August 08, 2010
Ten hyper-specific predictions. Wrapping up the Doc's Big East Week.
• Heinz Field will host the de facto Big East championship game for the second year in a row when West Virginia visits Pitt on Nov. 26, when the Panthers will follow up their second-half collapse in last year's winner-take-all game with Cincinnati with an equally heartbreaking crash in the final minutes that sends the Mountaineers to the BCS.
• West Virginia boss Bill Stewart will subsequently be voted the conference's Coach of the Year.
• Pitt running back Dion Lewis will finish again in the vicinity of 138 yards per game on the ground, the best returning average in the nation, but he'll also miss at least one game and be slowed in others with wear-and-tear injuries, allowing West Virginia's Noel Devine to claim his first Big East rushing crowd.
• Pitt receiver Jonathan Baldwin will catch at least 75 passes and come within shouting distance of the school's career receiving record (he needs 1,546 yards to pass Antonio Bryant) en route to becoming a Biletnikoff Award finalist in December and a first-round draft pick next April.
• Syracuse will win multiple conference games for the first time since 2004, when the Orange shared the conference championship with Boston College, Pitt and West Virginia in their final season under Paul Pasqualoni.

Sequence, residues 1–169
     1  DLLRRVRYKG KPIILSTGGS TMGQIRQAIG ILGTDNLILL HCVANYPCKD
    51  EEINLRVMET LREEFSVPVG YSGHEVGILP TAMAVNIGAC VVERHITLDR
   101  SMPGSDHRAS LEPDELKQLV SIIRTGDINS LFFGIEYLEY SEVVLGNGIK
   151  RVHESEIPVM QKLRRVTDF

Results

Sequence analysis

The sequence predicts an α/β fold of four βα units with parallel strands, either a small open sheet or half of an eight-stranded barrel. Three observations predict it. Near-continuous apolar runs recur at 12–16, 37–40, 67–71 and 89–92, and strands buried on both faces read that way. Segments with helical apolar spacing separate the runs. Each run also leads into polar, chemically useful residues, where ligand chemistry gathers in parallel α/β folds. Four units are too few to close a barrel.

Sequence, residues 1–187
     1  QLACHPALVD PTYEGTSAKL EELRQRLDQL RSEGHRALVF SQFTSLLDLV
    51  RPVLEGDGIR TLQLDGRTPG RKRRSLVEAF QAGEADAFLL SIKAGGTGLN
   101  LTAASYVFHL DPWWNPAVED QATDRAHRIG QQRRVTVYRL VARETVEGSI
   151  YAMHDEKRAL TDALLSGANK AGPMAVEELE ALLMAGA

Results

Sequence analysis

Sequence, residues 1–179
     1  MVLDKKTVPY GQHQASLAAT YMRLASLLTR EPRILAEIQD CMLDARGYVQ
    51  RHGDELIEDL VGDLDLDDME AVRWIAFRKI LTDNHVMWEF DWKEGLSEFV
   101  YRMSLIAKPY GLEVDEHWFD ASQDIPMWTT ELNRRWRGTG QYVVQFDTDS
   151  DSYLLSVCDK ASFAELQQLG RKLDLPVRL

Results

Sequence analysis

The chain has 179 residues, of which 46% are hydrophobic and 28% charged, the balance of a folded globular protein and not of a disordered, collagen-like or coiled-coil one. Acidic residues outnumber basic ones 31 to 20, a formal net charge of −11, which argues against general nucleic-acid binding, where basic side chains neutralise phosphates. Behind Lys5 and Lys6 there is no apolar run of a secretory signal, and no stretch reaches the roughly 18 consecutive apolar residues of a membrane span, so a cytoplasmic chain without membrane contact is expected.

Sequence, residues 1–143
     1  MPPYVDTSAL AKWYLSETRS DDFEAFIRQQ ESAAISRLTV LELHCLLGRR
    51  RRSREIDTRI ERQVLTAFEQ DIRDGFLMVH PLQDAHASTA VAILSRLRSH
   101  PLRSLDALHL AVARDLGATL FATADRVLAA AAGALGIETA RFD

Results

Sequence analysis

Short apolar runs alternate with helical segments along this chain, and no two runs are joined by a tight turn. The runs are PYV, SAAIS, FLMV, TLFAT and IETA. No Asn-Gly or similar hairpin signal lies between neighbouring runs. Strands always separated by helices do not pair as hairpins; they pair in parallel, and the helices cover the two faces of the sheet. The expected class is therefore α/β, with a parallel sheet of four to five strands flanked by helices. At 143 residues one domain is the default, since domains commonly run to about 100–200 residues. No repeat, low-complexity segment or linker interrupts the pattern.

• Thanks to another cakey non-conference slate, Rutgers will win at least eight games for the fifth year in a row behind conference passing leader Tom Savage, matching the longest streak in school history, but attendance at Rutgers Stadium will drop.
• Sophomore B.J. Daniels will lead South Florida in rushing, the fifth straight year a quarterback has finished as the Bulls' top gainer on the ground. Daniels will also pace the conference in both total yards and turnovers.
• Junior Cody Endres will out-duel senior Zach Frazer to become UConn's starting quarterback by midseason, and go on to become the first Husky slinger since all-time passing leader Dan Orlovsky in 2004 to average at least 200 yards per game through the air. But his total will still fall short of what the UConn secondary allows.
• Cincinnati will lose one of two early trips to Fresno State and N.C. State ahead of a blowout loss at the hands of Oklahoma on Sept. 25, quickly confirming that these aren't the same Bearcats that delivered back-to-back conference titles the last two years – though they will once again lead the league in total offense.
• Louisville running back Victor Anderson, the conference's Freshman Player of the Year in 2008, will eclipse 1,000 yards rushing after an injury-plagued sophomore campaign, but it won't keep the Cardinal offense from finishing dead last in scoring offense for the second straight season.